Ovarian Cancer

ovarian cancer treatment

Ovarian cancer involves cancer cells that develop within the ovaries, the reproductive glands that produce eggs that are fertilized by sperm for reproduction, as well as the female hormones estrogen and progesterone. Ovarian cancer is a rare type of cancer and is often not detected until it has spread to other areas of the body. When caught early, ovarian cancer can usually be cured with no major complications.

Types of Tumors

There are three different types of tissue in the ovaries, and each type can be affected by a different kind of cancer. The epithelial cells cover the ovary and are most commonly affected by ovarian cancer. Other types of ovarian cells include germ cells, which start from the cells that produce the eggs, and stromal cells, which produce estrogen and progesterone. Most tumors that grow in the ovaries are benign and can be successfully treated, but some may be malignant and can spread to other parts of the body, requiring more complicated treatment.


While the cause of ovarian cancer is not specifically known, some patients are at a higher risk of developing this disease over others. Some of these risk factors may include a personal or family history of cancer, being over the age of 55, having never been pregnant and taking menopausal hormone therapy. Women who think they may be at risk for ovarian cancer should speak to their doctor.

Ovarian cancer is often diagnosed during a routine pelvic exam, after a lump shows up on an ultrasound image. If a lump is detected, your doctor will perform a biopsy to test the lump and determine whether or not it is cancerous.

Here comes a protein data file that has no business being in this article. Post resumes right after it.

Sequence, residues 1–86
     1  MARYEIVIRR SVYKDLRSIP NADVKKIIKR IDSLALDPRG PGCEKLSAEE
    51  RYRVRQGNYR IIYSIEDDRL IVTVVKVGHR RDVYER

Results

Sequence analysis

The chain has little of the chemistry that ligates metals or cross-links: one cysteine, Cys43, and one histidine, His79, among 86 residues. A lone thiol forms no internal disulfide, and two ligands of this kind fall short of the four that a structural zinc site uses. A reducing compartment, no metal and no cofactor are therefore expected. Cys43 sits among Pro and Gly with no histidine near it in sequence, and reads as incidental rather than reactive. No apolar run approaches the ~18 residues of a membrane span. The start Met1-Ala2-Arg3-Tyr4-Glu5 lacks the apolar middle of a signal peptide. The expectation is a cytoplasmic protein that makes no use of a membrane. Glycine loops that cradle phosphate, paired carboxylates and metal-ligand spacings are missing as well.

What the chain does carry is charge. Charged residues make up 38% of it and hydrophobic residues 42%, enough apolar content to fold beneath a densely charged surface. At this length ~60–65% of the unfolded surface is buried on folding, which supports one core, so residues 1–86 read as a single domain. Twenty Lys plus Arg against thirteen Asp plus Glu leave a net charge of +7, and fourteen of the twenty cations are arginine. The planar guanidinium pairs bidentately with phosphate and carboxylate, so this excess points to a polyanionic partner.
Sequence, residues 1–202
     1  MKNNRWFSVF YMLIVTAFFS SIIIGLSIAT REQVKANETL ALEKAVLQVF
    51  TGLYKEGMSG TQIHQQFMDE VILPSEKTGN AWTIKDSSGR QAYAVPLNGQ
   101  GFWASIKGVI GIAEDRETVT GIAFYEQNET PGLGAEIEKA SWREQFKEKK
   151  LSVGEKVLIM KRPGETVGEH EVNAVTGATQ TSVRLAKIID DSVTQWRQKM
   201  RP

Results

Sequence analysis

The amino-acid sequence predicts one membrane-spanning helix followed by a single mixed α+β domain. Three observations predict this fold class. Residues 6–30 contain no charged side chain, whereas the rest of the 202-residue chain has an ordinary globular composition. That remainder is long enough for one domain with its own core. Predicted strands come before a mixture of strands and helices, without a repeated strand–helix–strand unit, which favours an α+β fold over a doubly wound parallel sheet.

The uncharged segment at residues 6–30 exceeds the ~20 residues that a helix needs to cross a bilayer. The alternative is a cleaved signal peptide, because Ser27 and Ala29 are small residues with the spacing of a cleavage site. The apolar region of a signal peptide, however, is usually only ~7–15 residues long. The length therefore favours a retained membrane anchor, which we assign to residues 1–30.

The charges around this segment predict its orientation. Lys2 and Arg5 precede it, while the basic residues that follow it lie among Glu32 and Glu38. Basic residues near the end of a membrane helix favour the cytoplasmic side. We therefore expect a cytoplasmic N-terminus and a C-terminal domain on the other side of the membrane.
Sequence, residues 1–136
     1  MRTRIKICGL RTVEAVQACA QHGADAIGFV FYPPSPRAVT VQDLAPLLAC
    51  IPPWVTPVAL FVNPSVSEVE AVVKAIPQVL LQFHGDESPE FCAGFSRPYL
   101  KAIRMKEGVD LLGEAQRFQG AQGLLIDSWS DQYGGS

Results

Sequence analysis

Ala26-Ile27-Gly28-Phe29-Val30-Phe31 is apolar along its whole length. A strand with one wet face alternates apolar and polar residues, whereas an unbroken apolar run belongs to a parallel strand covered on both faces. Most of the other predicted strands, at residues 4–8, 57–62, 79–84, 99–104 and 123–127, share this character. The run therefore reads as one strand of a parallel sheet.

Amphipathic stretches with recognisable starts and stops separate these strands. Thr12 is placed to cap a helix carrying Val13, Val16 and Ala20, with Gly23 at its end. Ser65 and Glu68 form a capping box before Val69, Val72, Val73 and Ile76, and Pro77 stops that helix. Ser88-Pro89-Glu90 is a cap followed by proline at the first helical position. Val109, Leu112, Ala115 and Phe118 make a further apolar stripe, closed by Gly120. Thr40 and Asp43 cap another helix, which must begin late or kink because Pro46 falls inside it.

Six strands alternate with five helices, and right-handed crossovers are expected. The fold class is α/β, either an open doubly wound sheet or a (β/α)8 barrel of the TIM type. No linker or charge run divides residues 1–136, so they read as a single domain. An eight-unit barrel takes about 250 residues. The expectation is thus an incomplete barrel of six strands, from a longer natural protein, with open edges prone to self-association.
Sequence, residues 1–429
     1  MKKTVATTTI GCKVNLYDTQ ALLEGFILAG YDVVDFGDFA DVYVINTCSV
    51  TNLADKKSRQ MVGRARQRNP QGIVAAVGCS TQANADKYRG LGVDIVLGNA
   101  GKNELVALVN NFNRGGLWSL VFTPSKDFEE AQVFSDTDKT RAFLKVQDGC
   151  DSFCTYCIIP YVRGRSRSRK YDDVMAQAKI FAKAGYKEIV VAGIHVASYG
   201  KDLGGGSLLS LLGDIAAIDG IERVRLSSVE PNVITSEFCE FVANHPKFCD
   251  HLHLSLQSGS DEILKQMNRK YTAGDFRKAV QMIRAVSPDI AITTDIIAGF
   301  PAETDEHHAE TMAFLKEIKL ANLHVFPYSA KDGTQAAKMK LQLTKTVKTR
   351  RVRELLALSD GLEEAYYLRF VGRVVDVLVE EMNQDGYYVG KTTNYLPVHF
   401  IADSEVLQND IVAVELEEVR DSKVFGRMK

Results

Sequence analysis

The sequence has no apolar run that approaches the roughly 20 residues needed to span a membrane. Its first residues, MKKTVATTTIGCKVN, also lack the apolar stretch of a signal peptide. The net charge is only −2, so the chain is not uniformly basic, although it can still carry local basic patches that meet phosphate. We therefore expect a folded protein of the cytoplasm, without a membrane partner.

Patients with ovarian cancer usually do not experience any symptoms from the disease, especially in the early stages.As the cancer grows, symptoms may include pain or pressure in the abdomen or pelvis, nausea, constipation, diarrhea or fatigue. Some patients may also experience shortness of breath and frequent urination.


Treatment for ovarian cancer is usually done through surgery to remove the tumor, often by removing the entire ovary. This procedure is called an oophorectomy, and may be combined with other procedures to also remove the uterus and fallopian tubes. Other treatment options for ovarian cancer may include chemotherapy or radiation therapy to kill all remaining cancer cells and ensure that the disease has been thoroughly removed from the body.

Learn more about Early Cancer Screenings and Detection

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